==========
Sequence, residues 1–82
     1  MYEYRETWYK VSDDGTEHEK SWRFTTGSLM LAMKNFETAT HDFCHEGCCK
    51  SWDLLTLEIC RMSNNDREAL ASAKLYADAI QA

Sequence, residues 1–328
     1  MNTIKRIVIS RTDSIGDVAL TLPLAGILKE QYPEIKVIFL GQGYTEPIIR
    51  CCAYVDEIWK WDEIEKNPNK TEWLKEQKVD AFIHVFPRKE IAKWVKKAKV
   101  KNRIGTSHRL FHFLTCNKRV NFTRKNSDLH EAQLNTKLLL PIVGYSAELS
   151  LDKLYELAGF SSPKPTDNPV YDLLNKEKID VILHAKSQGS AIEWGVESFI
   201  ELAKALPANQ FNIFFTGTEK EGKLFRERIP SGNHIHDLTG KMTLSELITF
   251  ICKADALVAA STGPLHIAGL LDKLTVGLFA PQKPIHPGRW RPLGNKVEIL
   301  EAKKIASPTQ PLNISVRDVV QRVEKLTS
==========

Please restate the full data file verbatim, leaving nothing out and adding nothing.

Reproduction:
Sequence, residues 1–82
     1  MYEYRETWYK VSDDGTEHEK SWRFTTGSLM LAMKNFETAT HDFCHEGCCK
    51  SWDLLTLEIC RMSNNDREAL ASAKLYADAI QA

Sequence, residues 1–328
     1  MNTIKRIVIS RTDSIGDVAL TLPLAGILKE QYPEIKVIFL GQGYTEPIIR
    51  CCAYVDEIWK WDEIEKNPNK TEWLKEQKVD AFIHVFPRKE IAKWVKKAKV
   101  KNRIGTSHRL FHFLTCNKRV NFTRKNSDLH EAQLNTKLLL PIVGYSAELS
   151  LDKLYELAGF SSPKPTDNPV YDLLNKEKID VILHAKSQGS AIEWGVESFI
   201  ELAKALPANQ FNIFFTGTEK EGKLFRERIP SGNHIHDLTG KMTLSELITF
   251  ICKADALVAA STGPLHIAGL LDKLTVGLFA PQKPIHPGRW RPLGNKVEIL
   301  EAKKIASPTQ PLNISVRDVV QRVEKLTS